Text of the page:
May 10, 2021

Back in March 2020, Congress passed the Families First Coronavirus Response Act (FFCRA) which required certain employers to offer expanded sick and family leave benefits to their employees and receive a payroll tax credit as a result. While the FFCRA leave mandate officially ended on December 31, 2020, a new version of the payroll tax credit is now available for 2021 Q2 and Q3.

The American Rescue Plan Act of 2021 (ARPA), signed on March 11, 2021, extends and enhances the expanded sick and family leave benefits from FFCRA. Besides making the payroll tax credit available through September 30, 2021, employers can now receive a tax credit for employees who take time off to receive and recover from their COVID-19 vaccinations.

Which Employers Are Eligible?

Eligible employers include businesses, self-employed individuals, tax-exempt organizations, and certain government entities with less than 500 employees. The 500-employee threshold includes both full-time and part-time employees at the time of the tax credit.

When is the Tax Credit Available?

The payroll tax credit is available for any eligible employer for sick and family leave wages paid from April 1, 2021 through September 30, 2021.

What Type of Leave is Covered Under the Tax Credit?

The leave is broken out into two categories:

  1. Time off for an employee affected by COVID-19; and
  2. Time off for a family member of an employee affected by COVID-19.

The biggest change made by the ARPA is that the payroll tax credit now covers time off for employees who receive and recover from a COVID-19 vaccination. Previously, only time off for those subject to a quarantine or those showing signs of illness from COVID-19 were covered under qualified sick leave.

How Much is the Tax Credit?

Similar to FFCRA, eligible employers may take a payroll tax credit for wages up to 80 hours for full-time employees of paid sick leave equal to either:

  1. the employee’s regular wage, capped at $511/day, up to $5,110 if the employee was sick or quarantining, awaiting the results of a COVID test, or obtaining or recovering from a vaccine; or
  2. 2/3 of the employee’s regular wage, capped at $200/day, up to $2,000, if the employee was taking time to care for someone quarantining or to provide care due to COVID-19 school or childcare provider closures.

Amounts paid to part-time employees are also eligible for the payroll tax credit. However, instead of receiving 80 hours of paid sick leave, part-time employees are only eligible for their average hours worked over a two-week period.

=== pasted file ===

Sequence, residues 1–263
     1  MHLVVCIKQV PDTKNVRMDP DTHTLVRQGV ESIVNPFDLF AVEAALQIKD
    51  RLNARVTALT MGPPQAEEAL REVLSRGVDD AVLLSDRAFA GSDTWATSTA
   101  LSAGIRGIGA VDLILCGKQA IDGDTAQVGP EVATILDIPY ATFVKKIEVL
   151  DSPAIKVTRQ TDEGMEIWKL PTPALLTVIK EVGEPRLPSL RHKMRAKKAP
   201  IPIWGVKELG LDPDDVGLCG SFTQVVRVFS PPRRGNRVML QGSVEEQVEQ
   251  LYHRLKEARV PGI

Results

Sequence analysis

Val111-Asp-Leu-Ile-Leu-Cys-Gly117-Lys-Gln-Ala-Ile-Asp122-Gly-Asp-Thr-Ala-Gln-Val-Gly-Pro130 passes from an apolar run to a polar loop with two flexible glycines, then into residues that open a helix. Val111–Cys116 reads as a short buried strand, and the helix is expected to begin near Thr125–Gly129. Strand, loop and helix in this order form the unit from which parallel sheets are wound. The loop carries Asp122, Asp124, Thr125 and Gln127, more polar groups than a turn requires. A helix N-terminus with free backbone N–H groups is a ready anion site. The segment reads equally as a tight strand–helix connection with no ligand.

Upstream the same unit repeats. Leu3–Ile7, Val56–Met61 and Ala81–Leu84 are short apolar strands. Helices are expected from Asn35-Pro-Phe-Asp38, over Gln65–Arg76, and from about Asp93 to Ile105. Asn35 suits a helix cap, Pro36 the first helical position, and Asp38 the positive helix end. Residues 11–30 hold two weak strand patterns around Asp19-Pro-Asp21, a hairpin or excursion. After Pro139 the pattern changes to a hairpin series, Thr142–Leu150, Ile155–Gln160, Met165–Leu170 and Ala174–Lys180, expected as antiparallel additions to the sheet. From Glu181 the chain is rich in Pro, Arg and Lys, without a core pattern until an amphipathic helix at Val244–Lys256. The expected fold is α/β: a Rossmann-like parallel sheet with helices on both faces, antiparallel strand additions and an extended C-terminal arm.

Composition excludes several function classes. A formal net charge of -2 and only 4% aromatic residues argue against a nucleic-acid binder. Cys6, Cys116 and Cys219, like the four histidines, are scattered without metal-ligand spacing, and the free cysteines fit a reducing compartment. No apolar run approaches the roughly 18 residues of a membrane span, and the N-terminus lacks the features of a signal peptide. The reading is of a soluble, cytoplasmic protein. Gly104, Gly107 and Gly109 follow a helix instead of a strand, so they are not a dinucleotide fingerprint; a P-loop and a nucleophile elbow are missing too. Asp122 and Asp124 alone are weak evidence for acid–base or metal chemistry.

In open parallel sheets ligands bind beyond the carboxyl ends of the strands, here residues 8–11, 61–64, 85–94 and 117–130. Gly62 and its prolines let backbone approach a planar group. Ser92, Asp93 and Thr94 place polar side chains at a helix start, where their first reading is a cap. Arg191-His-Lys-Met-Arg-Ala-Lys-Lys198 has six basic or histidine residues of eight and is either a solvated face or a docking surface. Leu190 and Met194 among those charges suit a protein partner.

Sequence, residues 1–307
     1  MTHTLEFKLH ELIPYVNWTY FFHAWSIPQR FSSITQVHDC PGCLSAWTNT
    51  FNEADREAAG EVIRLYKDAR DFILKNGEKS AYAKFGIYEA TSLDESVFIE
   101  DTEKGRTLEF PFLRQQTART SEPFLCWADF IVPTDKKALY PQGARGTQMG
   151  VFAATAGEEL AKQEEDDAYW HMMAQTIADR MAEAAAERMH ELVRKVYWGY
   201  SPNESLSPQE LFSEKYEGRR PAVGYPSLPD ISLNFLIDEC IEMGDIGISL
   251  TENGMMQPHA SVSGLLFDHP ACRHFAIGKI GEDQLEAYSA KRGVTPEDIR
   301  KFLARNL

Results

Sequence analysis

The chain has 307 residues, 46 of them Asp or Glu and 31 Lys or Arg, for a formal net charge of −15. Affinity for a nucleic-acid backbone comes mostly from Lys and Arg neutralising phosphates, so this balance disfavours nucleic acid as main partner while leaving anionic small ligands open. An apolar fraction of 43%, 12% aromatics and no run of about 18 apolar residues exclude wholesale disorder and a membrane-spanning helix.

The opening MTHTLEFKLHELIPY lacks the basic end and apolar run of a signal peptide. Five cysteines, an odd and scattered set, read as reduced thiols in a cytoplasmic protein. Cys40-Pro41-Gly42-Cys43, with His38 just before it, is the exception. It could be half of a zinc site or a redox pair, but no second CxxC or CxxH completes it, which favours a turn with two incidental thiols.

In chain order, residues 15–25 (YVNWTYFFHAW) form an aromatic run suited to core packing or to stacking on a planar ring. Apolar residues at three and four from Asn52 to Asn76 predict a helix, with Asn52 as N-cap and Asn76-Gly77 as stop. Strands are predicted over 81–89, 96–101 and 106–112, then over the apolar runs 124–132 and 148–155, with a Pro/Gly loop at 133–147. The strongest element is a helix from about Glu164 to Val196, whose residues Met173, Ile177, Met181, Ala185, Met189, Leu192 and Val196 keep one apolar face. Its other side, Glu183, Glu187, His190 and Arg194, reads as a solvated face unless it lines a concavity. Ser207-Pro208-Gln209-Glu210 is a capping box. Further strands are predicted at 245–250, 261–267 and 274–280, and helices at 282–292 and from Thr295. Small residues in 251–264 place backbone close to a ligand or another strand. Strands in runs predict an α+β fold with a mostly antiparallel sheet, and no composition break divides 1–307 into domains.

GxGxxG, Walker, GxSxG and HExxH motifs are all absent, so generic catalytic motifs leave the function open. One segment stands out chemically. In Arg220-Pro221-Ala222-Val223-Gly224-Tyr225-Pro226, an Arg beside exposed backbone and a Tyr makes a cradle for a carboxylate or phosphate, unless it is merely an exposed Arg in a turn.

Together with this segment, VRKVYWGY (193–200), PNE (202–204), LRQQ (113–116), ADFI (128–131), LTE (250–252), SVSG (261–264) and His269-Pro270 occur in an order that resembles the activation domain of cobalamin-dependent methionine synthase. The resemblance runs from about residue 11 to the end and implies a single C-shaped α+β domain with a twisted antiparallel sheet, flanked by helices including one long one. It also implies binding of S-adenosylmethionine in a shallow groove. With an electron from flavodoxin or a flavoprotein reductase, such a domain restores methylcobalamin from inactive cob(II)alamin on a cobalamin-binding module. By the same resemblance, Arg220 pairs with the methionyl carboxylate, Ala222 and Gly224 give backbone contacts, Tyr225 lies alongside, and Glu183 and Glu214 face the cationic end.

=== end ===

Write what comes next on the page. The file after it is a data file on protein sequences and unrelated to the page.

How do Employers Claim the Tax Credit?

Eligible employers report the payroll tax credit on their Form 941 for 2021 Q2 and Q3. Self-employed individuals can claim the payroll tax credit on their Form 1040. The credit is essentially treated as an additional tax deposit made by the employer during the quarter. Employers may opt to receive a refund of the excess amount during the quarter.

In anticipation of claiming the payroll tax credit, an employer can reduce their payroll tax deposits with the IRS during the quarter. Taxes are still withheld from employee paychecks, but the employer may instead keep the portion, up to the tax credit for which they are eligible.

Form 7200 may be filed to claim an advance of the tax credit for eligible employers. This can be done when an employer doesn’t have enough federal employment taxes set aside to cover the tax credit due.

As a practical matter, we are seeing delays in the processing time for IRS refunds. To get an immediate benefit from the payroll tax credit, we recommend reducing current tax deposits during the quarter or applying the tax credit to a subsequent quarter and reducing deposits at that time. Under the refund option, an employer may wait months before receiving a refund check.

Additionally, if using a third-party payroll provider, work with the provider ahead of time so the calculation of the payroll tax credit is seamless. Many third-party payroll providers have special codes set up in their system that allows employers to code hours towards applicable tax credit programs, making the Form 941 filing a smooth process.

If you have questions on expanded sick and family leave payroll tax credits, please contact your advisor at Clark Nuber for further assistance.

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This article contains general information only and should not be construed as accounting, business, financial, investment, legal, tax, or other professional advice or services. Before making any decision or taking any action, you should engage a qualified professional advisor.